Come to Puerto Rico

One of the first things I tend to think of when I’m writing these blog posts (Monday is the new Sunday for my writing schedule fyi) is where am I?  This past year I’ve been traveling so much that an extended period in one city (or even country) has been rare. It feels strange to be here in San Juan with no trips planned (outside of Christmas in Michigan) for the rest of the year, but I’m really liking it.  With a few months left I’m sure I’ll inevitably go somewhere, but there isn’t an internal need to constantly be in motion. It probably helps that some of my family and friends have trips planned to visit though.


I’ve been thinking more about community lately.  I never felt at home growing up in small-town Michigan, I always felt like I was a small fish in a small pond.  There was some semblance of a community, but I didn’t care about it. I wanted to grow, and I knew that involved me moving somewhere else with more going on.   


I have always had strong opinions about where to live (of course completely changing my mind later), and had pretty good success influencing people to move to these places (for better and worse).  The two cities where I spent most of my adult years have been Chicago and Los Angeles. Although I helped friends to move to these places, I always had one foot out of the door, ready to take off the moment different opportunities came up.


I can’t say I’m going to permanently settle down here in Puerto Rico, but for the indefinite time being it’s really good.  It’s like a long-term relationship: not everything is perfect all of the time, but after some life experience you can realize it’s really good overall, and to change would only be different, not better.  Things can change here quickly with potential hurricanes and backlash from the recent bankruptcy, but I’m optimistic.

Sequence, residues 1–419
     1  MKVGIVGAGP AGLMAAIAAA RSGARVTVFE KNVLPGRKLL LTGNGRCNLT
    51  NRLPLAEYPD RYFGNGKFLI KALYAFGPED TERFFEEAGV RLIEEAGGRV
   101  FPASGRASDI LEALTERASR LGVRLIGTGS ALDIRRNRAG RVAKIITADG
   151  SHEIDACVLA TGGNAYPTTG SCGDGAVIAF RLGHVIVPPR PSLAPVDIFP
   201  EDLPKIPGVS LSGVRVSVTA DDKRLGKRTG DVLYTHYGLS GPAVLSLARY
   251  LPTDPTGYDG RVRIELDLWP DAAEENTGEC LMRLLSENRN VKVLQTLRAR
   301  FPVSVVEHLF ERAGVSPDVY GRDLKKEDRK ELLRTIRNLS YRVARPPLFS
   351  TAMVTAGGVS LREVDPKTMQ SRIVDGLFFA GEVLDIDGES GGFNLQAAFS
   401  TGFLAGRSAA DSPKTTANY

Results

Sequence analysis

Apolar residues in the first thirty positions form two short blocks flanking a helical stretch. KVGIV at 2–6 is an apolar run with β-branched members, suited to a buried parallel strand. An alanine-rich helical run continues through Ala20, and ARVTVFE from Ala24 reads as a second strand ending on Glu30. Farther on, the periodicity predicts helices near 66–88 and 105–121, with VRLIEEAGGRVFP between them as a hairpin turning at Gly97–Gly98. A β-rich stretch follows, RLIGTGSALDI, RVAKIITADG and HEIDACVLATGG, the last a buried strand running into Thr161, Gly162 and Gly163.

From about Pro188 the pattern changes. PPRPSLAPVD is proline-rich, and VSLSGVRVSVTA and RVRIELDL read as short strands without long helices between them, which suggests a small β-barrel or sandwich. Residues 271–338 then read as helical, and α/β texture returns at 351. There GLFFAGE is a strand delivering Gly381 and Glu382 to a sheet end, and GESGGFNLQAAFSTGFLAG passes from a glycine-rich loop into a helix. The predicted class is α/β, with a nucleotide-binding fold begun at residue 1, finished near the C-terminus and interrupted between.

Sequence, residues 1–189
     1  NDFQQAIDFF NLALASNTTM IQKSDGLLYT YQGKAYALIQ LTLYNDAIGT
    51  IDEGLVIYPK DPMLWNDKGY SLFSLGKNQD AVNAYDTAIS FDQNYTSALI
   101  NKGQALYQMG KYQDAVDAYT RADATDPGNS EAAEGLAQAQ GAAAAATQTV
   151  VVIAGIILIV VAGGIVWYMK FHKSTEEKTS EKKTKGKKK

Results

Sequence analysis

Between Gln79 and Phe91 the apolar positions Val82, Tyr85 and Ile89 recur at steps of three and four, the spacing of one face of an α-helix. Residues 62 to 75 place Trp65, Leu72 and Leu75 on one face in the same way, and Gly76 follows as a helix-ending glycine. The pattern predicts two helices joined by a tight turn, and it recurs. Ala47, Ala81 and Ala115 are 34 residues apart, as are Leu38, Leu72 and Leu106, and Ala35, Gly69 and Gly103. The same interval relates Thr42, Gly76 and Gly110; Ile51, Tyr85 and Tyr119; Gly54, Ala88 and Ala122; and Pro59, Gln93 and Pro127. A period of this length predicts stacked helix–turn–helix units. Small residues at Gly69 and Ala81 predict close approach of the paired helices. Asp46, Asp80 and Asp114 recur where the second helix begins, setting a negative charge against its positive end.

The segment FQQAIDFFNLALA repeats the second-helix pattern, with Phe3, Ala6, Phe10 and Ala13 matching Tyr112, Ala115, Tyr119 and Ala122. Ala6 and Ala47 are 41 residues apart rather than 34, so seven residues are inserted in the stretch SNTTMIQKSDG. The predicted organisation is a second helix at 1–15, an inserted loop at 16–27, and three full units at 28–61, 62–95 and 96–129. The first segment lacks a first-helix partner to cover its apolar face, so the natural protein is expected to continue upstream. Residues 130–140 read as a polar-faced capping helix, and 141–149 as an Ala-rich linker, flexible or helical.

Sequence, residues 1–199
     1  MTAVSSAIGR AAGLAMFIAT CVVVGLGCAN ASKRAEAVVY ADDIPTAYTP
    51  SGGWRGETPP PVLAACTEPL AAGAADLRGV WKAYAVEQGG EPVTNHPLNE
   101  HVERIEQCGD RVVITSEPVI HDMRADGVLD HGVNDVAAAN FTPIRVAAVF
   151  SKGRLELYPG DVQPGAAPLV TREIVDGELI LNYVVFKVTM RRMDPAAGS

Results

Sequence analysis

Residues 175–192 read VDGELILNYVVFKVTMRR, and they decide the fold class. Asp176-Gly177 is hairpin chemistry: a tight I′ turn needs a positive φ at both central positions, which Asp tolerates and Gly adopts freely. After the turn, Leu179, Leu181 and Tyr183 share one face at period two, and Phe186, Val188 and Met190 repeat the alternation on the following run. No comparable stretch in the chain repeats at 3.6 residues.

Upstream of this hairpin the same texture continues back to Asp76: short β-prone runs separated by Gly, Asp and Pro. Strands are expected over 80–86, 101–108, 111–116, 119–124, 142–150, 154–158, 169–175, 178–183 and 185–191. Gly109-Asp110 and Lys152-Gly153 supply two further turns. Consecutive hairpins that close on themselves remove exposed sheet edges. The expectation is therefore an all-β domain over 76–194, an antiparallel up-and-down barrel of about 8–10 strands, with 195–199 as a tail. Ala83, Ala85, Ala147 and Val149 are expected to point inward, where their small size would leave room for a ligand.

With that disclaimer I would love to get more of my friends living here!  If you read this that most likely means you haha. Here are my main selling points:

  1. (US citizens) Act 22: No capital gains tax, and a flat 5% tax on normal wages!  It does require a $5,000 a year local charitable donation, and some money plus paperwork to get setup, but after that you no longer have to file a US Federal Income tax return as long as you live here half the year (and it can be even less if you want to work the system).
  2. It is not cheap like Mexico (a lot of people have this idea of Mexico because it’s Spanish speaking, but it’s very different), but the rentals are much cheaper than LA/Chicago/SF/NYC.  You can get more bedrooms in a much nicer place for what you are currently paying, or a similar standard of living for 25% off or so. This is for San Juan only, the rest of the island is actually Mexico cheap.
  3. The people are extremely friendly, both the locals and expats.  Little acts of kindness happen almost everyday that I try not to take for granted.  The expat group is small, educated/successful, and inviting. It’s pretty integrated too, not a typical “us vs the locals” group that is the norm in other countries.
  4. Warm weather and great (warm water!) beaches plus hikes.  I go in the water every week, I have no clue why I haven’t spent more time in the ocean during my life.